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Iron Rich Foods

Child Nutrition Basics


Updated July 16, 2014

Updated July 16, 2014
Fortunately, iron deficiency anemia isn't as big a problem as it once was.

The use of vitamins, iron rich baby foods, and/or iron fortified baby foods have helped both breast feeding babies and babies who drink an iron fortified infant formula avoid becoming anemic from a lack of iron.

Iron deficiency is still a problem for some kids though, especially toddlers who are picky eaters and drink too much milk and not enough iron-rich foods.

In general, your child should eat at least two or more iron-rich foods each day. Knowing which foods actually have iron in them can be confusing for parents though.

Iron-Rich Foods

Foods that are a good source of iron include:
  • liver
  • lean red meats, including beef, pork, lamb
  • seafood, such as oysters, clams, tuna, salmon, and shrimp, etc.
  • beans, including kidney, lima, navy, black, pinto, soy beans, and lentils
  • iron fortified whole grains, including cereals, breads, rice, and pasta
  • greens, including collard greens, kale, mustard greens, spinach, and turnip greens
  • tofu
  • vegetables, including broccoli, swiss chard, asparagus, parsley, watercress, brussel sprouts
  • chicken and turkey
  • blackstrap molasses
  • nuts
  • egg yolks
  • dried fruits, such as raisins, prunes, dates and apricots

Iron Rich Baby Foods

At first, unless your baby was premature or is already anemic, your baby will usually get all of the iron she needs from breast milk or an iron-fortified infant formula. Once she is 4 to 6 months old though, she will likely begin to need some extra iron, which usually comes in the form of an iron fortified baby cereal. Later on, be sure to choose from a good variety of iron-rich baby foods, which you can often find by comparing food labels and choosing foods with a high iron content. Or choose age appropriate iron-rich foods when making your own baby food to make sure your infant gets enough iron.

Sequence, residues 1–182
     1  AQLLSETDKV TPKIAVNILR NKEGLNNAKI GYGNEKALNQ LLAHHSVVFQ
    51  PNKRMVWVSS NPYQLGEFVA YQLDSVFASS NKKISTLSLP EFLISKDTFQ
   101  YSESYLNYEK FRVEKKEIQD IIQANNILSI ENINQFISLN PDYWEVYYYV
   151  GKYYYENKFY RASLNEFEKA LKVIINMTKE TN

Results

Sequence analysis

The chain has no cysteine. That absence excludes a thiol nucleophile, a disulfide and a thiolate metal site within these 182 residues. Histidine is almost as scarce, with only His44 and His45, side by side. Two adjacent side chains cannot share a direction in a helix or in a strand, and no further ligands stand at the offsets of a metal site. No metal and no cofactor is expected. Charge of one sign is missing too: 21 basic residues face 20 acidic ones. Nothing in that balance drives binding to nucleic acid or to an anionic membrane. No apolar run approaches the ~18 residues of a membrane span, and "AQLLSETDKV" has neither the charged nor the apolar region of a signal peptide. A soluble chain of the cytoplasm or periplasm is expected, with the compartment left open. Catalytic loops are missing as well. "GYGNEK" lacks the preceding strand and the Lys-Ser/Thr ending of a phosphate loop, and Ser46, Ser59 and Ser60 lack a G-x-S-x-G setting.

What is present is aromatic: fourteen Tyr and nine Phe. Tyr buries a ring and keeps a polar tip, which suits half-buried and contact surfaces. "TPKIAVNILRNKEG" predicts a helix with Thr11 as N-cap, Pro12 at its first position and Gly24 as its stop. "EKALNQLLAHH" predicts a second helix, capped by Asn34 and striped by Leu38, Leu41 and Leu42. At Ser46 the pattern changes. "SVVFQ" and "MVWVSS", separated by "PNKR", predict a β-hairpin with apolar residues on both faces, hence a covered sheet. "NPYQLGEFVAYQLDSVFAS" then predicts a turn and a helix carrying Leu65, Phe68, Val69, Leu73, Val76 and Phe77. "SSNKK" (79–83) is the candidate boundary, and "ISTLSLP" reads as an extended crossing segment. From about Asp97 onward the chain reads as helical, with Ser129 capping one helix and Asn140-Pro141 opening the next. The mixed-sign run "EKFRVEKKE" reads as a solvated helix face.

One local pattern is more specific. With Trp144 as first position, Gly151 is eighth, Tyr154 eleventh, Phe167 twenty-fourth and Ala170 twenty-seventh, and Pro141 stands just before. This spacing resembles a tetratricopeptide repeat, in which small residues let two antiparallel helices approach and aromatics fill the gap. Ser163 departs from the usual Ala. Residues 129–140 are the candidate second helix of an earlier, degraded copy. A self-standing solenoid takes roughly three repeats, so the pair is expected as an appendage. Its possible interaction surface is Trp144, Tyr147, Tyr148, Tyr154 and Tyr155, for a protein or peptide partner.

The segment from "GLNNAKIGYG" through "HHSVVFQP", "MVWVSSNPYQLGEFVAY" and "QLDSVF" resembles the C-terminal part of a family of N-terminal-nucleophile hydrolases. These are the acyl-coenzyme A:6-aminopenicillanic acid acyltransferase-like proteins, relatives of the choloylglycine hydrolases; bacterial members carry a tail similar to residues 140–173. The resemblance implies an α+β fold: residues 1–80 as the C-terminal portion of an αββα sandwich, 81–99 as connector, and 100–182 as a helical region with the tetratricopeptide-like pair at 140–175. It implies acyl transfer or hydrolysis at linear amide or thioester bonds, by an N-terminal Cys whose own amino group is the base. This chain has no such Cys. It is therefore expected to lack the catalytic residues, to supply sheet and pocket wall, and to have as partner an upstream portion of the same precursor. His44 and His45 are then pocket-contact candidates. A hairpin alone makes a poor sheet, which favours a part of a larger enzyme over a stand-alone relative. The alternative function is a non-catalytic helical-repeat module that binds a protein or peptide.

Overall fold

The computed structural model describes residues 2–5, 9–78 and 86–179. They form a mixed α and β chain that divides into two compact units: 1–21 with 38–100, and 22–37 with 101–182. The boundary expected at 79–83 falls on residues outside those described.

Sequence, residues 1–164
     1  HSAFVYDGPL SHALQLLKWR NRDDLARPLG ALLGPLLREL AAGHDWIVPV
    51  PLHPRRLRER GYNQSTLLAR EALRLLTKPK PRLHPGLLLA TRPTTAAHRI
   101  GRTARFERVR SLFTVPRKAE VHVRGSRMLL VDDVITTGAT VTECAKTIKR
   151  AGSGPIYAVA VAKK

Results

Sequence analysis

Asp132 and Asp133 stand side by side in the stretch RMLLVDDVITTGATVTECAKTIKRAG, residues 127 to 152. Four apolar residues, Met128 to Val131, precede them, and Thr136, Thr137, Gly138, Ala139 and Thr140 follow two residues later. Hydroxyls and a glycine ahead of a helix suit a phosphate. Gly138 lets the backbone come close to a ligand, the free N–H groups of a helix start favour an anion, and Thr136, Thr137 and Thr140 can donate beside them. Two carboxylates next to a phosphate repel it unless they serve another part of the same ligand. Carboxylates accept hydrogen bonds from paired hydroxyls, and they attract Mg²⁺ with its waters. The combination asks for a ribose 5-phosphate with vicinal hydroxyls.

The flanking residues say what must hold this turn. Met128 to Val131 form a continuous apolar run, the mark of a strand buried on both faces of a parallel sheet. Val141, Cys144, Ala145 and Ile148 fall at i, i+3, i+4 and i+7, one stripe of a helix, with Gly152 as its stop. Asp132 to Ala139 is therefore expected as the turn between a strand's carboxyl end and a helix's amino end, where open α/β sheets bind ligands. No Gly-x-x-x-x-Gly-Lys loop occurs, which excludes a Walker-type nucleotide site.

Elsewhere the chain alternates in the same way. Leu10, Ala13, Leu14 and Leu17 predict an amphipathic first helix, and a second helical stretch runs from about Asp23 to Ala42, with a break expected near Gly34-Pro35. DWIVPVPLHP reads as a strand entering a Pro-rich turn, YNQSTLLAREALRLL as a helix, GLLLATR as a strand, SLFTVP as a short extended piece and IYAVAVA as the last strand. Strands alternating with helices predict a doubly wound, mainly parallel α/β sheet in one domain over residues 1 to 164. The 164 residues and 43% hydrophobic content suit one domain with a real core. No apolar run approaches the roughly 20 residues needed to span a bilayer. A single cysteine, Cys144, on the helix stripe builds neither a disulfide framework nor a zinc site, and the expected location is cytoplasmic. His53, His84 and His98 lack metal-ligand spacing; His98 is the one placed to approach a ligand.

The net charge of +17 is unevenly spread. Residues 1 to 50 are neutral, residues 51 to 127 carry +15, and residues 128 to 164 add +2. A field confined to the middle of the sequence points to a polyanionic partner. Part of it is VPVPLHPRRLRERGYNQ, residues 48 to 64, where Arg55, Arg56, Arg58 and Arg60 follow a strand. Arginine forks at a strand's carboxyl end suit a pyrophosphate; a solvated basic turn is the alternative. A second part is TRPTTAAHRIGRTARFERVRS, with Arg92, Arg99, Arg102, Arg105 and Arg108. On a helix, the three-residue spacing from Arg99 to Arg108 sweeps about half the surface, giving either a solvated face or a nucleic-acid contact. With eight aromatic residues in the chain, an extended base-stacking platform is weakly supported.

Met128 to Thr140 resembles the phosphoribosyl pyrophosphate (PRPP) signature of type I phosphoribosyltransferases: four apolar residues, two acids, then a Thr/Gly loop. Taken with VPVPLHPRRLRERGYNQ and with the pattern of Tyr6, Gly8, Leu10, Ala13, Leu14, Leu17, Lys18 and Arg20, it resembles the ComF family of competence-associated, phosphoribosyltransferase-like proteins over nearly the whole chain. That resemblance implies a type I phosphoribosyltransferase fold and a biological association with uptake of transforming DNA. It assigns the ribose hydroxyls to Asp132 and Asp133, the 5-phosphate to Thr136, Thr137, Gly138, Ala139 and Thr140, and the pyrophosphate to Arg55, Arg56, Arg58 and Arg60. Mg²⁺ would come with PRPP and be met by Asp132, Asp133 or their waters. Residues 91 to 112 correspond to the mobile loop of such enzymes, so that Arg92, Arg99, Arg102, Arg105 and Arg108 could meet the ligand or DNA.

Iron Fortified Foods

In addition to foods that naturally have a lot of iron in them, many foods are now fortified with iron or have iron added to them. This is good news because many kids, especially younger ones don't usually like many of the best iron rich foods, such as liver, oysters, clams, and lentils.

Check food labels to find foods fortified with iron, including:

  • Instant Oatmeal
  • Ready-to-eat Cereals, such as Total, Product 19, Raisin Bran
  • Grits
  • Iron Kids Bread
  • Carnation Instant Breakfast Mix
  • Pasta
  • Iron Fortified Toddler Formula, such as Enfamil Next Step or Similac 2
Remember that a food that provides 10% to 19% DV or more for a nutrient, such as iron, is usually considered to be a good source of that nutrient, so compare food labels and look for foods that have higher numbers for iron on the food label.

What You Need To Know

  • Risk factors for iron deficiency include toddlers and older children who drink more than 24 ounces of milk each day and have a diet low in iron and vitamin C.

  • Vitamin C can help your body absorb iron, so it is a good idea to pair iron-rich foods with foods that have a lot of vitamin C, including citrus fruits and iron-fortified orange juice.

  • It is harder for the body to absorb the nonheme iron that is found in fruits, vegetables, and grains, than the heme iron that is found in animal foods, including red meats, poultry, and fish.

  • Remember that nuts and shellfish can pose a food allergy danger for younger kids and too much seafood can expose younger kids to mercury, so follow current fish and mercury warnings when feeding children seafood.

  • Keep in mind that the %DV for iron on food labels is based on the adult needs of 18mg or iron a day, while a toddler only needs about 7 to 10mg a day. So while an egg provides 4% DV of iron for an adult, it would actually provide about 7% to 10% DV of iron for a toddler.


NIH Dietary Supplement Fact Sheet: Iron.

Prevention of Iron Deficiency in Infants and Toddlers. Louis A. Kazal, JR., M.D., American Family Physician October 1, 2002.

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